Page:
Background information on African Horse Sickness and Horse Exports from South Africa
1. SOUTH AFRICAN HORSE DATA
- 300 000
- 50% informal sector/rural
- <10% registered thoroughbreds
- 100 000 by formal sport horse sector
- 17 000 by Sport of Horseracing
c. Economic contribution
- Sport Horse Sector – unknown
- Sport of Horseracing contribution to GDP – R2.71bn in 2009
- Global horse export market worth US$4bn/annum
- South Africa’s market share less than a quarter of 1%
- South African cost of production is on average 20% of global average
2. AFRICAN HORSE SICKNESS (AHS)
- Non-contagious virus transmitted by culicoides midge
- 9 sero-types
- High mortality in unprotected horses
AHS in South Africa
- South Africa deemed endemic to AHS, historically speaking a higher incidence of cases reported in the northern provinces
- Vaccine (live modified) developed in 1930 at Onderstepoort Veterinary Institute, updated in 1960’s
- South African legislation: all horses must be vaccinated annually. The AHS Trust’s annual vaccination campaign aims to reduce the number of unvaccinated horses in the poorer communities in strategic areas around the country
- AHS is seasonal, disappearing during months of low vector activity (winter)
- Since 1960, only 6 outbreaks of AHS in AHS Controlled Area in Western Cape probably due to climate (hot dry summer), distance from endemic areas (>1000kms) and geographical barriers (mountain range + Atlantic and Indian Oceans)
3. RULES OF ENGAGEMENT – HOW THE WORLD WORKS!
a. Government to Government
Whilst the private sector drives many processes, ultimately trade negotiations take place between Governments.
b. OIE (World Organisation For Animal Health)
- Intergovernmental organisation established in 1924
- Currently 178 members (South Africa represented by Department of Agriculture, Forestry and Fisheries – DAFF)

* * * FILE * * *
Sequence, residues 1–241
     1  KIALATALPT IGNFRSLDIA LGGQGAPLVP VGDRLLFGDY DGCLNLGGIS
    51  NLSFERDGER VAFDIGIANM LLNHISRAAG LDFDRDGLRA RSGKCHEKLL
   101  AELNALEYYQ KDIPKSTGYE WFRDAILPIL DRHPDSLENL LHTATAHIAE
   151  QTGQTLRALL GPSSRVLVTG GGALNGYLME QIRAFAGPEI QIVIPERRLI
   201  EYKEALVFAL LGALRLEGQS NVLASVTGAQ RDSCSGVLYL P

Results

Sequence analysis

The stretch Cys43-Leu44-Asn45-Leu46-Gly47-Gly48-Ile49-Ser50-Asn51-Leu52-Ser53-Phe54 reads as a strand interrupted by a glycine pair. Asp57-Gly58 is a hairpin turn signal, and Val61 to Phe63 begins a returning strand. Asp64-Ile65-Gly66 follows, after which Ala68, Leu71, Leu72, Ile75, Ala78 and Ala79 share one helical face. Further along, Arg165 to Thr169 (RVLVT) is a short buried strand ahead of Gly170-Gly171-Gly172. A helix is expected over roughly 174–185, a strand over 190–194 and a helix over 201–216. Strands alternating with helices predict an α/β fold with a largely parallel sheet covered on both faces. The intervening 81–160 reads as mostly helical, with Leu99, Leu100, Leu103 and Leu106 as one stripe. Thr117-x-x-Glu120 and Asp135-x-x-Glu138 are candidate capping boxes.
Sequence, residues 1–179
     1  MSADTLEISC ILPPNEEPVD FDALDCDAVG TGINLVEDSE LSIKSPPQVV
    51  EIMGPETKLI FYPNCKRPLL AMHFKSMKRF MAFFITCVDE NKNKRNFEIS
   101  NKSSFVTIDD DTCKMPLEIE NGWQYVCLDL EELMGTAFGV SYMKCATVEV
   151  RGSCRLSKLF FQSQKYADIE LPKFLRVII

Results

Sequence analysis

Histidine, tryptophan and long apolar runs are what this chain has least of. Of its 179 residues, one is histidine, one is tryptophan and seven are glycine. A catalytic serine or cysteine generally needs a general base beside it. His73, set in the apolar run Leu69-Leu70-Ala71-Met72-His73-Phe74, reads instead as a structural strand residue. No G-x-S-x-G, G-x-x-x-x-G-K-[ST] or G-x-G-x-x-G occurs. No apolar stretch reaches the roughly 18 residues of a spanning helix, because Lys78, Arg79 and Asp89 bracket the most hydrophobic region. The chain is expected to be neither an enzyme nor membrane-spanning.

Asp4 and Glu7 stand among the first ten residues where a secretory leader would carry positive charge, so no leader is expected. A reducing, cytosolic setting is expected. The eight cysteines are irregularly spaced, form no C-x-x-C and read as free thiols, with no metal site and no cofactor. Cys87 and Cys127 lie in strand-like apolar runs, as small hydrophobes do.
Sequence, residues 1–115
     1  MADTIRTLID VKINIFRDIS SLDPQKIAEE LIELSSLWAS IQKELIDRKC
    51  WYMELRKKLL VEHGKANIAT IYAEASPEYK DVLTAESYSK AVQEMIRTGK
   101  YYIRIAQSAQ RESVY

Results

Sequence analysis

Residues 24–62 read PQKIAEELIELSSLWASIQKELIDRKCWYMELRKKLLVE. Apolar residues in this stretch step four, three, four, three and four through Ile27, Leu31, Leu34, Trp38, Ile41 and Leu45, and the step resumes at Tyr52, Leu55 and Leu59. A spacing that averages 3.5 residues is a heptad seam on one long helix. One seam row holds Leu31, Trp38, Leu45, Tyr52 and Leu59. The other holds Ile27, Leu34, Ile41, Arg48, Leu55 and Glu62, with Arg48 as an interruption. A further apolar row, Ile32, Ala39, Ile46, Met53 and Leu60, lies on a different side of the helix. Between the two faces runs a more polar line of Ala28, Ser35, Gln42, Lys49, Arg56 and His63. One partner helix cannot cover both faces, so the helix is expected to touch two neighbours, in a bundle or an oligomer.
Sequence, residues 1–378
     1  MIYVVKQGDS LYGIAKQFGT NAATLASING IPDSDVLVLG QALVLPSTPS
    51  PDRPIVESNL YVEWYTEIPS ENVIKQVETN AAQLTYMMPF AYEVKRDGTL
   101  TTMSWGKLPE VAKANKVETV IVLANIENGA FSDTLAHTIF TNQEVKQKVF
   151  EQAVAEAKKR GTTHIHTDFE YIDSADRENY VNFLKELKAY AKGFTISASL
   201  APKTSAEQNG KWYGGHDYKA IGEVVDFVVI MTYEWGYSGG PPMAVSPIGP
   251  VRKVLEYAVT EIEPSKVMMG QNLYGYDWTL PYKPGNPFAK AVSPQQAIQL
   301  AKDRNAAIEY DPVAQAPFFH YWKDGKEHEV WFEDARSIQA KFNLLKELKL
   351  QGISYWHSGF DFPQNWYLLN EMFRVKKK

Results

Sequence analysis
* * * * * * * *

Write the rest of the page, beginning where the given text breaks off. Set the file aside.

- Mandated by WTO
- Objective: to safeguard world trade by publishing health standards (guidelines) for international trade in animals and animal products
- AHS is one of 11 equine diseases listed by OIE as dangerous
- Last revision in 2008
- Next revision in 2012
- Based on OIE guidelines
- Specific import conditions agreed by trading partners
- Import conditions written into Health Certificate
4. DEVELOPMENT OF SOUTH AFRICAN HORSE EXPORT PROTOCOL
- Based on principles written into 1995 version of OIE AHS Code Chapter
- Regionalisation: Western Cape declared as AHS Controlled Area which is made up of Free Zone, Surveillance Zone (50km radius from Free Zone) and Protection Zone (100km radius from Surveillance Zone)
- Ratified by European Commission in 1997
b. Conditions for export from AHS Free Zone
- AHS Controlled Area declared free of AHS
- 60 days residency in AHS Free Zone
- Last 40 days in vector-protected pre-export quarantine
- Exercise during vector-safe time of day (2hrs after sunrise to 2hrs before sunset)
c. Consequence of outbreak of AHS in AHS Controlled Area
- If outbreak occurred within 150kms of quarantine station, loss of AHS Free Status and State Veterinary officer unable to certify export
- Period of suspension: 12 months according to 2008 version of OIE AHS Code Note: EU legislation is out of date and suspension remains 24 months (negotiable)
5. TIMELINE OF HORSE EXPORTS FROM SOUTH AFRICA
Close to 1000 horses have been exported from Kenilworth Quarantine Station since 1997. The following is a brief history of the delivery of South African horses to EU/HK and UAE:
- Pre-1950’s over 350 000 horses exported from South Africa
- In 1958 the outbreak of AHS in Middle East led to embargo on horse exports from Africa. The exception was USA which accepted horses into a vector-protected quarantine facility in New York for 60 days post arrival.
- In January 1997 the EU ratified the South African export protocol which permitted the import of horses from South Africa’s AHS Controlled Area (part of which is the AHS Free Zone) in the Western Cape.
- In April 1997, the HK Government adopted the protocol which allowed London News direct entry to HK to compete in the Gr.2 QEII Stakes and win.
- In 1999, an outbreak of AHS occurred in Stellenbosch (in the AHS Controlled Area). This automatically led to a two year suspension of imports from South Africa by the EU and other trading partners including HK.
- In 2001, the EU and other trading partners including HK lifted the suspension and direct imports to EU/HK resumed.